Maria Prymachenko

Photo: CNN

When I use someone else’s work on a post I normally ask permission. I haven’t this time so I hope that just attributing the work to where I found it will be enough. I’m sharing a few paintings by Maria Prymachenko, the late Ukrainian folk artist. It’s not for any personal gain but in the spirit of world peace. A lot of other people seem to be using her art for the same purpose at the moment. I reckon that she may have liked that.

Photo: Wikiart

And of course I have to include sunflowers. This particular work has a lovely title, ‘Dear Friends, I Give You the Sun and My Sunny Art’. Isn’t it joyous? It’s such a contrast to the dark times that Ukraine is experiencing at the moment. Goodness knows why it has taken a war for me to discover this woman’s wonderful work. It’s a funny old world isn’t it? Prymachenko’s art which includes paintings, pottery and embroidery came to international attention after a museum in Ivankiv housing some of her work was bombed. It was feared that the collection was destroyed but fortunately the CNN article suggests that some paintings have been saved.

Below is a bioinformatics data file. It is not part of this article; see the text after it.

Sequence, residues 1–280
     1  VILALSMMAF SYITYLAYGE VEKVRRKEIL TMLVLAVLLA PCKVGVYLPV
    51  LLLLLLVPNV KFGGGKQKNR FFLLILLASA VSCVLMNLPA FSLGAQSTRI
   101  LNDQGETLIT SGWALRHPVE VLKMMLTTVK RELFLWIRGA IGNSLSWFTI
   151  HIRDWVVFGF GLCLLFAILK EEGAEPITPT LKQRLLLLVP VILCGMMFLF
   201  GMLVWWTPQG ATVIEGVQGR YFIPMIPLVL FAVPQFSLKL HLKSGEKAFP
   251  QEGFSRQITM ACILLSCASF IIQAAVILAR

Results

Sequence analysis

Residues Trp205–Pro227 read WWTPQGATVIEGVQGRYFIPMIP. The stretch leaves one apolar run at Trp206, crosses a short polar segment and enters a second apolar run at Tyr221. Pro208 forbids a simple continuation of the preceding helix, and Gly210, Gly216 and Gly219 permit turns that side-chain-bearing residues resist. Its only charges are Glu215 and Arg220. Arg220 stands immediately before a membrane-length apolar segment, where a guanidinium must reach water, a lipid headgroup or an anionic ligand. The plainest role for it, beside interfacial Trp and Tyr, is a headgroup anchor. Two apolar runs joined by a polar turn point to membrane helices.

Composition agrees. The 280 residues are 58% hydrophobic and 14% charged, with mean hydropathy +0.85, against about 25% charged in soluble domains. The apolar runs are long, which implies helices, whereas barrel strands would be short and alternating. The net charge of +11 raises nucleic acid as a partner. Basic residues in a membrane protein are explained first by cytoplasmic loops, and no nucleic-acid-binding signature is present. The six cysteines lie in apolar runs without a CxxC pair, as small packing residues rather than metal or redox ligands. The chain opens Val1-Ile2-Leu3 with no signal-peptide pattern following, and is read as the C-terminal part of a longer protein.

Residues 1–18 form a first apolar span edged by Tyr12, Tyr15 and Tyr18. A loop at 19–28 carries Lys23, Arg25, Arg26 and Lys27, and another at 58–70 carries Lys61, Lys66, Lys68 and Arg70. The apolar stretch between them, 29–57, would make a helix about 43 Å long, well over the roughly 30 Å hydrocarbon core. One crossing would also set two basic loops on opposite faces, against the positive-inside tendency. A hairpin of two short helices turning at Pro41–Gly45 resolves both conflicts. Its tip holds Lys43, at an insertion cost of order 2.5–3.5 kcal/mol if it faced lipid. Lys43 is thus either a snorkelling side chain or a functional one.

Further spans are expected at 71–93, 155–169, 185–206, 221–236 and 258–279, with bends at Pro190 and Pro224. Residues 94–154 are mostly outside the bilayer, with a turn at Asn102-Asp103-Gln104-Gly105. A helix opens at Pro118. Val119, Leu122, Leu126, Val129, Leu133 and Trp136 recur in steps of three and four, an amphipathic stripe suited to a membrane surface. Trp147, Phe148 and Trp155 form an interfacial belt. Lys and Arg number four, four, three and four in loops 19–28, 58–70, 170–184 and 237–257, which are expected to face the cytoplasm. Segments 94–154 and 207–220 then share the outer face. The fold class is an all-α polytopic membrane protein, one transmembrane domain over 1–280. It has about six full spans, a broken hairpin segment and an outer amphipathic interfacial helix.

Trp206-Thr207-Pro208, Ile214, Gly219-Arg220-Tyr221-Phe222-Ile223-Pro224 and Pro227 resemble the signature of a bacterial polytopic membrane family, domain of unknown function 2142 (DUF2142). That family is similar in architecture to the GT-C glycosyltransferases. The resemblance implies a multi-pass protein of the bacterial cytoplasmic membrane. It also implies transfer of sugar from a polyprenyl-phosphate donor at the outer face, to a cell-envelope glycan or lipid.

Photo: Wikiart

This one has a more cryptic title, ‘Dear Taras Hryhorovych, Whatever You See Here Is Yours’. I’ve gone in search of its meaning and discovered that Taras Hryhorovych was a Ukranian poet. He was imprisoned due to work that satirized the oppression of Ukraine by Russia in the 19th century. Sadly it seems that history may be repeating itself.

Photo: Wikiart

‘This bear wants to have some flour milled’ is the title of this wonderful painting. Is the bear a metaphor for Russia? And what is that fox up to? I’m struggling with this one. Anyway I’ve included this as inspiration for a piece of my own. I need an apple tree for a mosaic that I’m going to create for a friend who lives in an old cider barn.

Maria Prymachenko may have lacked a formal art training but that doesn’t undermine her. Don’t take my word for it. Picasso was a fan and she has a planet named after her! Other people have suggested that my own creations have the naïve quality that you see in folk art. I’m proud for it to be seen in this light and it’s probably a realistic appraisal anyway. I haven’t even got O-level art to my name. If I could instil just a modicum of the meaning that these painting hold in my own work I’d be very happy.

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